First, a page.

Bricklayer – by Clint Wastling


English, header, stretcher, Flemish bond,
he taught me the basic stack before a brew
of builder’s tea and a fag break drew all to
the Portacabin.
If he could lay five hundred bricks
he’d get a full day’s pay.
Through all but the worst of weather
he’d work long hours, fingers taped,
shammy gloves kept out the lime:
bed of mortar, brick, tap, level.
He could halve a brick with one rap of the trowel:
Before he died,
dad listed houses, bungalows, schools,
a cold war bunker
but his first, he spoke of fondly,
flats on Bricknall Avenue whilst
apprenticed to old Jack Mather.
Perhaps he thought we’d photograph them all.
Make the mortar
mix sand and lime: 3:1 – blend in the water.
I see him now, his thin frame,
a shock of auburn hair
and fingers which
built brick on brick to house his every dream.




Clint Wastling is a writer based in the East Riding of Yorkshire. He’s had poetry published in Gold, Dreamcatcher and River Poets Journal  among others in the UK and USA. His first novel, The Geology of Desire, was published recently by Stairwell Books. His second, Tyrants Rex, part 1 of a dystopian sci-fi trilogy, is due out in August 2017.

Aleppo, 2016 – by W Luther Jett


That pale shimmer
of white is not
glass reflecting
noon – is not
someone’s lace
dress – nor new
fallen snow –

Ashes, ashes
coat the street
of ruined houses –
and amid the rubble
a lone arm
upthrust toward
a sky now forever
out of reach.




W. Luther Jett is a native of Montgomery County, Maryland, whose poetry has been published in numerous journals, including: The GW Review, Poetica, Syncopated City, Synæsthesia, ABRAXAS, Scribble, Beltway, Innisfree, Xanadu, Haiku Journal, Steam Ticket, Potomac Review, and Main Street Rag. His chapbook, “Not Quite” has recently been published by Finishing Line Press.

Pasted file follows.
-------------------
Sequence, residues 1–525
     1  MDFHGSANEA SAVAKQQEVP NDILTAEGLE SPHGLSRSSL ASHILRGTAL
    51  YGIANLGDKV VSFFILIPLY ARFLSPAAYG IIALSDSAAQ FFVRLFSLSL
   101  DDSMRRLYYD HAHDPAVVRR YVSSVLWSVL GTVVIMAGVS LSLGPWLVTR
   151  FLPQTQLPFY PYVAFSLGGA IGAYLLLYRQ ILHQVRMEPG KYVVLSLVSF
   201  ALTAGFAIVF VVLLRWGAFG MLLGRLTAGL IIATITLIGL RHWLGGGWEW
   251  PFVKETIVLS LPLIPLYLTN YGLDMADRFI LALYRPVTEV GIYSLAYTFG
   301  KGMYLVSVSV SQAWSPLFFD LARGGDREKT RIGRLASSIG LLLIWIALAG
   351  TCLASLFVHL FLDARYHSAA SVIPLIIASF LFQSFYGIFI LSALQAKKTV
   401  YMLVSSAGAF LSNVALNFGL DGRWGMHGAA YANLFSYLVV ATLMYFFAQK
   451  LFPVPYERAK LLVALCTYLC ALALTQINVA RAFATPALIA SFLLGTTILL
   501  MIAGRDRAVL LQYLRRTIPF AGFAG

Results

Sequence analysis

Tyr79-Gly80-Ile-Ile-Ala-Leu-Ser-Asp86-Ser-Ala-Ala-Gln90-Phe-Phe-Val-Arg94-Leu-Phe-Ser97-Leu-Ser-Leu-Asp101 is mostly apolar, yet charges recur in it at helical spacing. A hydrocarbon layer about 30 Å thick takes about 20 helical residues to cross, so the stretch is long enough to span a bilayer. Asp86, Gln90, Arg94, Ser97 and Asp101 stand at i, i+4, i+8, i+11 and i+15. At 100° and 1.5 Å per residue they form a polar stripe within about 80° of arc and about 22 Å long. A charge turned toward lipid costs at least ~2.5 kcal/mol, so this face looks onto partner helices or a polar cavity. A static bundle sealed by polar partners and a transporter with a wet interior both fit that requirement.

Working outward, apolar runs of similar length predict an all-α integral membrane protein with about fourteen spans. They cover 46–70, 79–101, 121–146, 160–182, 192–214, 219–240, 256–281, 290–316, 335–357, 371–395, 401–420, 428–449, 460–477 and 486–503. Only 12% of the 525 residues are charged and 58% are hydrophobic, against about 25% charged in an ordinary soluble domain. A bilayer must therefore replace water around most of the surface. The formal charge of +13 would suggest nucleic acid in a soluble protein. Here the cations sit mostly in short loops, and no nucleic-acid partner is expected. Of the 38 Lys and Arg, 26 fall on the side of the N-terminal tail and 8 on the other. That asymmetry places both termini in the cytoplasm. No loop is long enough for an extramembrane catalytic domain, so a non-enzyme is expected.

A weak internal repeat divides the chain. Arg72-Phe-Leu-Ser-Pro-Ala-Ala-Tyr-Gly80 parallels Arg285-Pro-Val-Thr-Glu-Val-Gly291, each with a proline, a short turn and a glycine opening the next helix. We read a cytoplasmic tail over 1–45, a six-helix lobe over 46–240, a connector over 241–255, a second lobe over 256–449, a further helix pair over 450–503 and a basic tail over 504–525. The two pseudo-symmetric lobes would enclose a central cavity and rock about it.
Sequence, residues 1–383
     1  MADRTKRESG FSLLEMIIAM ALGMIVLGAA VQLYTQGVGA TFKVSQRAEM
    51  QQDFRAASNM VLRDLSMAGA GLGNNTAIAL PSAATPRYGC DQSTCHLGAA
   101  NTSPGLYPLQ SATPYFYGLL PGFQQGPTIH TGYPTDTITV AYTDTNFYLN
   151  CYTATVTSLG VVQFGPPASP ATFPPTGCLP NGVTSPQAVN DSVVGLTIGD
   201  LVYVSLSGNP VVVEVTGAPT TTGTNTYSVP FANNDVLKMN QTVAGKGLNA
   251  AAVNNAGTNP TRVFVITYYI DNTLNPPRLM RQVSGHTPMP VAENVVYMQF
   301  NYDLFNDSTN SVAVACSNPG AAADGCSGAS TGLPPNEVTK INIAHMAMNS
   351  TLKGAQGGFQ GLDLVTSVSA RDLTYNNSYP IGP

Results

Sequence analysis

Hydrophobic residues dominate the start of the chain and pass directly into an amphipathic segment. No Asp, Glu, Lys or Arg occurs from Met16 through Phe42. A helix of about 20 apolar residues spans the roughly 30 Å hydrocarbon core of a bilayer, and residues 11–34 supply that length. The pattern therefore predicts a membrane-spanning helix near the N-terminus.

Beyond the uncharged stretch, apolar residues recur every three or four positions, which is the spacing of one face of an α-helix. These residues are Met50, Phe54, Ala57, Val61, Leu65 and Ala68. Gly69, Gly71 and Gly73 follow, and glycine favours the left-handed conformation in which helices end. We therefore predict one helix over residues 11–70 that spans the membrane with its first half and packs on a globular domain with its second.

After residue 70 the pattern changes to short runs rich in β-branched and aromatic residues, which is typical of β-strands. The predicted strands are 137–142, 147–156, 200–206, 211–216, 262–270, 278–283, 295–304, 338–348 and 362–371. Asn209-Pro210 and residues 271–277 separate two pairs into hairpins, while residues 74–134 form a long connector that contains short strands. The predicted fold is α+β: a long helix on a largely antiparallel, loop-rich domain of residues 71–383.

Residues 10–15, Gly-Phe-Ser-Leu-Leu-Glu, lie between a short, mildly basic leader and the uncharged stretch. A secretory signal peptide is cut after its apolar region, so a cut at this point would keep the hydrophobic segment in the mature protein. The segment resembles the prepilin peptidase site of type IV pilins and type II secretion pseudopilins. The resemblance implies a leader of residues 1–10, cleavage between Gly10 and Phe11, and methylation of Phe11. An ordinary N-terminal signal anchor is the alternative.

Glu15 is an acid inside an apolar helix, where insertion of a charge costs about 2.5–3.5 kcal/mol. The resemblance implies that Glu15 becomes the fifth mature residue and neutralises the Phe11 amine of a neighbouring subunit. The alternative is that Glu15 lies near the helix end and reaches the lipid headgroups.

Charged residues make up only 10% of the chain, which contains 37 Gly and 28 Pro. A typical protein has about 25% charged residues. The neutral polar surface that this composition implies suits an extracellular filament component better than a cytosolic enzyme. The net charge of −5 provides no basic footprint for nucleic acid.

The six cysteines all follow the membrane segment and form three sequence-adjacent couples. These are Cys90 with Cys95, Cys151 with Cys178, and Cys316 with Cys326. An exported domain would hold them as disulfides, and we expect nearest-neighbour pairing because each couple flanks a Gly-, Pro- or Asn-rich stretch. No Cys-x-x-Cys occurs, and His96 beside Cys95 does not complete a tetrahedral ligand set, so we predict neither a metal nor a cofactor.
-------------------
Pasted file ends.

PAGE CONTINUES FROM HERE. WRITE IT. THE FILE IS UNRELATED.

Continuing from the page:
Inexorable – by Devon Balwit


We build our monuments looming, fortress walls high,
brows and hands sculpted noble. They look down
their noses at the town square, take the long view
of the surrounding valleys. We assume they will
continue to speak for us and hold their own against
forgetfulness. But our descendants see only building
materials, a place to hang laundry. Our empty sarcophagi
water cattle. The young graffiti the flanks of our war horses,
skateboard along our great walls, pulverize the past into
parking lots. And this while some of us still remember.
The geological forgetting will be utter and absolute.




Devon Balwit is a poet and educator from Portland, OR.  Every morning, she uses the height of her dog’s leaps as an oracle to gauge her fortunes for the day, then writes and writes and writes – hoping to produce a thing of beauty.

It Lives in the Basement – by Linda Kleinbub


Loneliness crept up the stairs
stood in a corner
observed the situation
searched for the easiest to infiltrate
curled around her unknown
smoke unseen
loneliness holds her tight
she thinks its warmth is comforting
quickly she is left abandoned,
alone, trying to make snow angels
at midnight.




Linda Kleinbub is a volunteer at Girls Write Now,  a writing organisation that works with at-risk high school girls.  Her work has appeared in The New York Observer, The Brooklyn Rail, Yahoo! Beauty, Grabbing the Apple: An Anthology of New York Woman Poets, and The Best American Poetry Blog. She is a painter and organic gardener.

St Adjunct – by CL Bledsoe and Michael Gushue


Half my students don’t even have faces,
just numbers and the smell of meat
to identify them. Half will fail
and those that don’t won’t learn much,
anyway. Twenty-three of us share two
left wings, a wobbly desk, and an out-of-date
anthology of Prussian educational essays
compiled by Horace Mann. God help you
if you need to make copies. If only
we still had air raid drills, desks to hide
under. We do, but they’re inside us, a wasp